In the beginning of 2019, I took the plunge and started building something of my own from scratch. I was fueled by the insane drive from having found my purpose in life — a meaningful cause that deserves all my energy, potential and time on Earth. A labor of love that triggered a whole new level of inner strength and motivation for me. A big project that challenged me on multiple levels and allowed me to unfold my full potential.
In the end of 2019, I found myself extremely exhausted and numb inside. I didn’t feel the enthusiasm, passion and satisfaction from the meaning of what I do. No success or failure in anything were causing any emotions inside of me. I was working on autopilot. That’s when I realized something is wrong.
A pretty obvious causality when you don’t take a single weekend off a whole year. Sure. That’s when you look at it from the outside. (And I’m very thankful to the people who did that and told me what they saw.)
When you’re in it though, you’re just blindly in love with the work you do, and you’re obsessed with pushing your limits. You fully immerse in it, you make it your number one priority, you silence every other aspect of your life… and you eventually loose perspective. (If you’re the perfectionist-workaholic-type-of-person like me.)
As I’ve written last year, when you start doing what you consider your life work, everything that is inside of you floats to the surface. Finding your purpose doesn’t magically make everything fall into place. It is rather a major and crucial moment in life that gives you the amazing opportunity to see yourself.
So what was floating on the surface by the end of this year for me was one painful realization that I can’t pin down better than Brené Brown in The Gifts of Imperfection:
Exhaustion is not a status symbol. Productivity is not a measurement tool for personal worth.
In the beginning of December 2019, I stopped working. I deleted the instagram app on my phone and did not log in once. I spent a lot of time alone, in silence. I let go of to-do-lists, schedules, plans and performance pressure. I also did a number of things that I would normally never do.
I was building Dora 2.0.
It felt terribly wrong at first. I felt useless, weak and a bit crazy at times. They say you’re gonna piss off a lot of people when you start doing what’s best for you. I felt that, too. All of this inevitably brought up the question:
Who am I if I’m not achieving anything?
Essentially, the question here is how do you define your personal worth? Can you accept and love yourself even if you get up and do nothing all day? Can you love what you do infinitely and still need a break from it?
A major insight for me was this: Once you connect deeply to your purpose, you become it. You are the purpose. Everything you do is part of your purpose. Taking a month off from it, too.
In fact, being constantly available and live-streaming your life comes at a very high price. You become the opposite of your own boss — a slave to the image you’re trying to maintain. You also become untrustworthy when you’re constantly posting the amazing life you have. Nobody has their shit together all the time.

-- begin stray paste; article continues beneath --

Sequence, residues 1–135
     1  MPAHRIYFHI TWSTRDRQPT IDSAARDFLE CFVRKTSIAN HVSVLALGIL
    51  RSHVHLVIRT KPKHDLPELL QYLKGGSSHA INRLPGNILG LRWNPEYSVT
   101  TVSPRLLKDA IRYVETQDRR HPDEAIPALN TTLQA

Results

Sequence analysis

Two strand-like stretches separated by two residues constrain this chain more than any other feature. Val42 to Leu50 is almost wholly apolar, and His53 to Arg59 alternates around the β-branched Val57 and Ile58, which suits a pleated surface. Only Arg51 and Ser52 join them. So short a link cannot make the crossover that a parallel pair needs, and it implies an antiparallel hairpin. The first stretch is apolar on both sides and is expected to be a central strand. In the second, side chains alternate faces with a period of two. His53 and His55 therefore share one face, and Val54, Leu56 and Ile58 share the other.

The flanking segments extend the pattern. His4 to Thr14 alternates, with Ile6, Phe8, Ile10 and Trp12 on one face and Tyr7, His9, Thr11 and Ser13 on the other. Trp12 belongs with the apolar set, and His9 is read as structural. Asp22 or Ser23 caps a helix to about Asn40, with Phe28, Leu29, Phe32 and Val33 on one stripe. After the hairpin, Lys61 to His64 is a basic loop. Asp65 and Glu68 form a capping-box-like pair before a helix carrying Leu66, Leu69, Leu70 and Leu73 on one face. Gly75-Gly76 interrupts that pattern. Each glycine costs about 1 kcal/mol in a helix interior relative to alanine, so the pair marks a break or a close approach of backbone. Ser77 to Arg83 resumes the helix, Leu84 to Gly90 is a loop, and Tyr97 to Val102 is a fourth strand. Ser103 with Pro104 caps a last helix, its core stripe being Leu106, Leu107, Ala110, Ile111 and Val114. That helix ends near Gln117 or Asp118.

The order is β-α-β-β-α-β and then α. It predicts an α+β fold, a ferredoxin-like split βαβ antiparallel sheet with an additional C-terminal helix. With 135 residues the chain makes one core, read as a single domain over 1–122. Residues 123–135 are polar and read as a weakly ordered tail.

The good news is: life feels awesome with no instagram. You might as well really feel life only then. Offline.
And I mean, there should be some sacred things in life. You don’t need to expose your quality family time on the internet. In fact, if it’s real quality time, you shouldn’t be online at all. Be present. Be there. Have heart-to-heart talks with friends and family.
We gotta stop texting others while spending face time with people. We gotta stop scrolling, and start looking people in the eyes. We gotta remember the important things in life and give them the space they deserve.
How about taking December off in general? Escaping the holiday madness (however it looks like for you), instead of being a victim to it as if you had no choice? How about going to some sunny place in the coldest month, not to show off on social media, but to indulge mindfully, relax, restore and reflect back on your year?
How about taking time to craft personal, meaningful presents to your loved ones instead of taking the easy, convenient route of materialistic gifts? Tell them you love and appreciate them. In any human’s life there’s only so much time. Uplift the people you care about. Show your support. Give what you want to receive. Do what makes you feel good.
I’m talking about true (self-)care here. You gotta take care of yourself first, so you can take care of others. So check what you really need in this moment. When tension runs high, the greatest way to support yourself and practice self-love is to create the opportunity to chill.
I’m glad people like Joel Gascoigne, co-founder and CEO of Buffer, are bringing this important topic to the forefront in such a transparent way:
In order to feel the real taste of a meal, to enjoy the warmth of your sweet home, to connect with the important people in your life, you’ve got to be off-line. In order to figure out where you want to go, you’ve got to stop and take a look at where you’ve been. In order to love yourself, you’ve got to believe this:
I am enough in spite of my achievements and failures.
Thank you Brené Brown (quote above), Leslie Boyer and Mary Ann Somerville for teaching me to accept and love myself no matter what. To not define myself based on my achievements or failures but based on the Love I carry in my heart. Thank you for being the divinely empowering role models, mentors and leaders you are.
This is your life.
Reflect on it.
Create it — consciously and intentionally.
You are the source.
Go rock your 2020!
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